Be patient on the roads

The weather is looking good for this week so I’m expecting you will see many farmers rushing around with planting and spreading fertilizer.
Be patient on the roads as moving this equipment around from field to field often is slow-going.
Take your time and enjoy the scenery for those few minutes.
Seeding down new crops on a farm is necessary to keep your land productive. And depending on what you are planting, it is safe to say this will cost around $300 per acre.
This is an expensive time of the year for farmers.
• • •
We sold 1,008 animals at the Stratton sales barn on Saturday for $1,750,889.73.
It’s pretty safe to say that most of that money will be spent right here in Rainy River District. Another great thing is that nearly $300,000 of those animals stayed right here, as well.
Producers were buying grass cattle while some were purchasing heifers for herd expansion, so this is great for agriculture in our district.
It also was great to see some of our young producers buying some heifers and looking to grow our herd numbers.
I took a cow that I was expecting to calve but didn’t (she weighed more than 2,000 pounds and I got $1.17/lb. for her). And to think that just a few short years ago, cull cows only were worth $100 and some people even ended up owing money since the prices they got didn’t even cover shipping costs.
Even though I was sad to see this cow go, it certainly will help towards my new bull purchase.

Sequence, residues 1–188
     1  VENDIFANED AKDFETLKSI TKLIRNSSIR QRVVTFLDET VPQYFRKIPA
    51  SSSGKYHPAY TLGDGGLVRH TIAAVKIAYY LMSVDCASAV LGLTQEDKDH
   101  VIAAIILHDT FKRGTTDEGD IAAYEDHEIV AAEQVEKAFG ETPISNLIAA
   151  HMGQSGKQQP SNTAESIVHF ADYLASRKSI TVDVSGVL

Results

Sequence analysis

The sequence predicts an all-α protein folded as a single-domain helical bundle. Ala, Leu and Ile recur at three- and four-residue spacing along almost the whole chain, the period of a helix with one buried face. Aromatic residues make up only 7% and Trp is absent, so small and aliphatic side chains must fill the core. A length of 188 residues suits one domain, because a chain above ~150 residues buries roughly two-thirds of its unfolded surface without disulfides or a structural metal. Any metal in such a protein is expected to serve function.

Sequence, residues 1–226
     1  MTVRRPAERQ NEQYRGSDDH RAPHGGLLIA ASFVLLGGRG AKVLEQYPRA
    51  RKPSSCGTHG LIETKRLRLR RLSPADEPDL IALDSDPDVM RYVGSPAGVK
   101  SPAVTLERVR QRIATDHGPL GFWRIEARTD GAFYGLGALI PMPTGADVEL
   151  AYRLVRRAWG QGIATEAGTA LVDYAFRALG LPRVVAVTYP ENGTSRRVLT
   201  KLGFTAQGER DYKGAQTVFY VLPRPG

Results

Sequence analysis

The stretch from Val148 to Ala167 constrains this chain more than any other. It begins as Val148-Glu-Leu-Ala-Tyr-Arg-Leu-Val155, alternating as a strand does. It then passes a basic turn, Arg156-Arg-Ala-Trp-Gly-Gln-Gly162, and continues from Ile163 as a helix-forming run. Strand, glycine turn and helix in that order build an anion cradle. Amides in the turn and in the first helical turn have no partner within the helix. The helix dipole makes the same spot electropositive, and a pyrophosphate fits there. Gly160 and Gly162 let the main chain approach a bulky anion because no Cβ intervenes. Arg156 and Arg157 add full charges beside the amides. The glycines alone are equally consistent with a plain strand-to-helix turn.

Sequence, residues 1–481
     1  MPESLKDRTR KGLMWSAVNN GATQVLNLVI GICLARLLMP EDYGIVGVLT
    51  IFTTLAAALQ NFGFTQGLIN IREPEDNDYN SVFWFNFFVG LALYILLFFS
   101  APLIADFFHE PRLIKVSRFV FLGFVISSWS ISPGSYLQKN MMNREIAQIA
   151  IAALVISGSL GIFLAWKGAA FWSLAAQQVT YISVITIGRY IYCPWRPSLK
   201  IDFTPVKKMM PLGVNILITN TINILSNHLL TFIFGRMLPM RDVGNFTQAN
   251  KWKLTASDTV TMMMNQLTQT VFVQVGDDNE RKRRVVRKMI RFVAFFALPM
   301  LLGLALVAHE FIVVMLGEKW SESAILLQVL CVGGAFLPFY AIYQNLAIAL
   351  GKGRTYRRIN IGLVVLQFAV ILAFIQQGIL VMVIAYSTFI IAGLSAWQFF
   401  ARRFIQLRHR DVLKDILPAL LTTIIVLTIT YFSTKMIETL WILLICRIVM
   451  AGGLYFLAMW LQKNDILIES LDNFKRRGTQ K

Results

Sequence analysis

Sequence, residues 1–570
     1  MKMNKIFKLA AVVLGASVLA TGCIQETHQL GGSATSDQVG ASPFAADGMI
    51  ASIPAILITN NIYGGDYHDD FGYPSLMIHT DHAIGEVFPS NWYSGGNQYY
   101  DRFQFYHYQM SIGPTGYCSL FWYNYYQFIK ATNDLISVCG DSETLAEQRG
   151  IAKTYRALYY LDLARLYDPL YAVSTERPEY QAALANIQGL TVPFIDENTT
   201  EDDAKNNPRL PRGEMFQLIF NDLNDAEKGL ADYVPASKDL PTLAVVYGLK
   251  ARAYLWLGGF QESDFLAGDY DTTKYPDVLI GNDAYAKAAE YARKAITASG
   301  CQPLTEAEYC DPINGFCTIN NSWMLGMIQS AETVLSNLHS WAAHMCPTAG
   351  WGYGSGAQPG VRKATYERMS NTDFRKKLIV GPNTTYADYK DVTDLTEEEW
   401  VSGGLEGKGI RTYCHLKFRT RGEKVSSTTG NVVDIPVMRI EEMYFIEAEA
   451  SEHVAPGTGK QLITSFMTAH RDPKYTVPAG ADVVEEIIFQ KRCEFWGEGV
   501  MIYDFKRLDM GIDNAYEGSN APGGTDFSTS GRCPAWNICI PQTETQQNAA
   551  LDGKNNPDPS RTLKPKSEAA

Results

That’s one thing about farming—we spend our money as quickly as we get it.
• • •
The Rainy River Feeder & Breeder Finance Association held their annual meetings last week.
Congratulations to them for running quick, smooth elections and filling their boards so easily.
It’s obvious there is a great need and value to both of these boards. We are lucky to have them in our district and, once again, it is important to young producers to have access to these lending dollars.
Even though you often hear that we are lacking youth in agriculture, I think that in our district, we are doing a great job of encouraging and seeing young producers become active and involved in this exciting industry.
• • •
I was able to attend a “Science Night” at S.C.A.P. last week and I focused a bit more on crops than beef or sheep like I have done in the past.
It was a great night for the students and their families, and I was happy that they invited agriculture to be a part of their night.
• • •
We have a barn full of sheep now but still are waiting on our last ewe to lamb. She (“Saltee”) is the momma that had quads last year, so we’re anxiously waiting what she is planning for this year.
We are hoping to have them all sheared next week. And with the mild temperatures forecast for this week, the sheep likely are more excited about their hair cuts than us!
Have a great week—and get out and enjoy the sun!